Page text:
The Sony A9G OLED TV is one of the best 4K and HDR screens you can buy. We could end the review right there, it’s that good. But you probably want to know a little more, like the fact this packs in Dolby Vision and Atmos, or that it’s got some of the best audio bar none.
All that, of course, means a steep price tag. So if you’re looking to keep within a budget and don’t need the absolute best of the best then you might want to check out something from Samsung or LG. If your heart is set on Sony, read on to find out why it’s worth that extra expense, and why it’s part of our list of the best TVs in 2020.
This TV looks as good as it sounds in writing, and we don’t just mean picture quality. The build is all part of the appeal with a super minimal finish that actually enhances any space that has the honor of being this television’s new home.
Of course there are still drawbacks, the most obvious being a lack of HDR10+, for those that want to be totally future-proofed. Although with Dolby Vision support, which is used mostly now by the likes of Netflix and Disney Plus, you should be covered.
Sony A9G OLED TV review: Picture
- Deep blacks
- Rich colors
- Excellent 4K HDR
When you get an OLED you’re going to be seeing some of the best blacks on any panel, since the individual pixels can switch off – unlike an LED LCD which uses a backlight and can still suffer bleed. The result is truly well defined edges to colors, blacks, and the variations between light and dark.
(Image credit: Sony)
Average price: $2499
Sizes available: 55″, 65″, and 77″
Screen type: OLED
4K ready? Yes
8K ready? No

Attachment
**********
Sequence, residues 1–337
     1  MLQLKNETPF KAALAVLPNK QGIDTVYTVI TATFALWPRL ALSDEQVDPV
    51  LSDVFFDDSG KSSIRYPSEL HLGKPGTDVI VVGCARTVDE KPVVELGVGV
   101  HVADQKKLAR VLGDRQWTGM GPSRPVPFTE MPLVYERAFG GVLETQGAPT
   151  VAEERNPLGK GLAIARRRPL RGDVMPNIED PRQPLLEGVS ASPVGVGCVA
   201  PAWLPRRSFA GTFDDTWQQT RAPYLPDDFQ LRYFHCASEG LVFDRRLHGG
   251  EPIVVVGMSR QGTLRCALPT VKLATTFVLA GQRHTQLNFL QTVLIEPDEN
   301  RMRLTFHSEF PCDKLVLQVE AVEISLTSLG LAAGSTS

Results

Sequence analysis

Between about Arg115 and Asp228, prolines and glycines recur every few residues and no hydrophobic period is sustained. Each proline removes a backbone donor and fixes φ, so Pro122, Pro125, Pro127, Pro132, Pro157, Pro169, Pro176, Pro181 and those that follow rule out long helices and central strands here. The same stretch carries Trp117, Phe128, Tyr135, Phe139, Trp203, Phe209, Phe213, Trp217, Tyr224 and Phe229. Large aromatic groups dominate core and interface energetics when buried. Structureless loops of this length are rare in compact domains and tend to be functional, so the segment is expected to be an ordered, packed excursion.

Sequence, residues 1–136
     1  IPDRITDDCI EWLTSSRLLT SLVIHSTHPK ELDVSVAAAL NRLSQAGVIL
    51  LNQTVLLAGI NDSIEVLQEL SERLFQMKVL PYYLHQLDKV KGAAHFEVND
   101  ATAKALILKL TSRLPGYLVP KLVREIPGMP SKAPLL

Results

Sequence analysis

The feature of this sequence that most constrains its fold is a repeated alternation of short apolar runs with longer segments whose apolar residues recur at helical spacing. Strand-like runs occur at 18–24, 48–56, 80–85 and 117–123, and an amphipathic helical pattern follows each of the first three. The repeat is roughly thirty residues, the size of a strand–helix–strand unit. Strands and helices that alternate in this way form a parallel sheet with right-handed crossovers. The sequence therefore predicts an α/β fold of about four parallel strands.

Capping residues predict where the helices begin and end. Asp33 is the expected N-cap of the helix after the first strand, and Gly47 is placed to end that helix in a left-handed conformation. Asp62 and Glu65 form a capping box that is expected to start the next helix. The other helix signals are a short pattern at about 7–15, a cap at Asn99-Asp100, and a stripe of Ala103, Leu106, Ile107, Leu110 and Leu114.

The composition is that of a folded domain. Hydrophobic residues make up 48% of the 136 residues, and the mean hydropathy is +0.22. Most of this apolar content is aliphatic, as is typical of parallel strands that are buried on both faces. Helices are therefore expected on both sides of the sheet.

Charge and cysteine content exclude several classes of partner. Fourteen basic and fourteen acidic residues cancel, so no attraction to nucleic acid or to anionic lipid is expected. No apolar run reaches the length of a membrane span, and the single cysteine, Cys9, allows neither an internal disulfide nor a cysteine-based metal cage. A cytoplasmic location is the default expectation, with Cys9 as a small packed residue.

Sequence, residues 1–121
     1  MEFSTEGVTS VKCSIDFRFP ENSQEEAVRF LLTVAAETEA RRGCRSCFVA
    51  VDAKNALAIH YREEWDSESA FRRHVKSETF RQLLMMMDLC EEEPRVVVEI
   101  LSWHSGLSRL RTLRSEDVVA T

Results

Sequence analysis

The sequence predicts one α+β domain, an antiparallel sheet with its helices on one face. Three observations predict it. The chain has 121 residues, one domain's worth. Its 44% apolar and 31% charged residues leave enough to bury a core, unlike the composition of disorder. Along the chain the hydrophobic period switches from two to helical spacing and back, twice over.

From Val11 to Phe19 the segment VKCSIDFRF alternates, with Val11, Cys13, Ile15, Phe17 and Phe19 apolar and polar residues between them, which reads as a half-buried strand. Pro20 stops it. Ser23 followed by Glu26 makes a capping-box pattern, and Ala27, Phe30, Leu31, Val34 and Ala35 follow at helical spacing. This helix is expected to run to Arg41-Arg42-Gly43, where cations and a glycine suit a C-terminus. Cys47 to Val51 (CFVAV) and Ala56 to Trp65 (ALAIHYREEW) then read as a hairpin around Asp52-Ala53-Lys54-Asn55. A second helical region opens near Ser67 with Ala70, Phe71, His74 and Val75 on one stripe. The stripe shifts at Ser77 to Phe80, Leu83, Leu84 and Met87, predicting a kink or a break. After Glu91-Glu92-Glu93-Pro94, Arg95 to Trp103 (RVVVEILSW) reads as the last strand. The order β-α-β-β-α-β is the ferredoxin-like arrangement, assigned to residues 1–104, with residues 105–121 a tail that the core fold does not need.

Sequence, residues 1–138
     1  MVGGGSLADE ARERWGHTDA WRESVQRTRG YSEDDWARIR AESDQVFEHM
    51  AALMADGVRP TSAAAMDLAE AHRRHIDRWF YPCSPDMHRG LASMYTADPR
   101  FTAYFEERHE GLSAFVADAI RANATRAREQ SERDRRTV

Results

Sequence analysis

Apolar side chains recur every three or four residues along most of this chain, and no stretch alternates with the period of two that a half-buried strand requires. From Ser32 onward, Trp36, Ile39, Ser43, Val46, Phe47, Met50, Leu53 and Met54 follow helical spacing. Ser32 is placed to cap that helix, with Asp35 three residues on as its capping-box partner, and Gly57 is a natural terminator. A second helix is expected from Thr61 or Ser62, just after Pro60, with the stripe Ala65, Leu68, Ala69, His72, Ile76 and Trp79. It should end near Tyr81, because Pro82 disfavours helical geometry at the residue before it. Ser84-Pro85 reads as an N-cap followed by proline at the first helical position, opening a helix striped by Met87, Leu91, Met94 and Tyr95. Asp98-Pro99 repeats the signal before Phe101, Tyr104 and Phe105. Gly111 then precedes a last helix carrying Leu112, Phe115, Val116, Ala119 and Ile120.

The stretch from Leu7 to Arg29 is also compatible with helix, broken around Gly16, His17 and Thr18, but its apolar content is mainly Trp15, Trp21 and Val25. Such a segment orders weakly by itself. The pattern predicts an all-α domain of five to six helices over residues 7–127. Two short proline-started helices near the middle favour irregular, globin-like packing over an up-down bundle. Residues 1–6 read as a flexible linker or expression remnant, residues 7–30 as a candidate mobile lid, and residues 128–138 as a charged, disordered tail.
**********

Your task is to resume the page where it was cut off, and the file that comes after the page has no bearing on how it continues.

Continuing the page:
HDR type: Dolby Vision
Audio type: Dolby Atmos
HDMI connections: 4
Other connections: 3 x USB, 1 x Ethernet, Audio Out, Heaphone Out, RS-232C , Composite Video Input.
All that means that the HDR performance of this set is superb with sharply defined edges that give a crisp definition to objects that are rendered superbly. The image is punchy and the rich colors help to back this with a real pop to the visuals. While this may lack some of the brightness of an LED panel, it still offers plenty, especially for low light viewing.
Sony has superb motion processing and upscaling, which results in smooth video even in more visually challenging footage, like the color-rich and action packed Guardians of the Galaxy, for example. Motion is smooth while you still get that Hollywood feel, but without it being overdone or blurred into a distinct lack of realism. The Custom Mode is great here, delivering the picture as Hollywood mastering monitors intended it to look.
The 4K and HDR combination works well with the Dolby Vision support where you can really see those extra colors when watching supported content on the likes of Netflix. The Calibrated for Netflix Mode is perfect here. Jump back down to regular HDR and you’ll feel the warmth drop off. Of course there are lots of modes to pick so this Sony, with its X1 Ultimate chipset, can make almost anything look great.
You also get HDR10 and HLG support, but not HDR10+, although at the time of publishing this doesn’t appear to be getting huge uptake in use.
Sony A9G OLED TV review: Sound
- Dual sub woofers
- 20Wx2 and 10Wx2 speakers
- Dolby Atmos decoder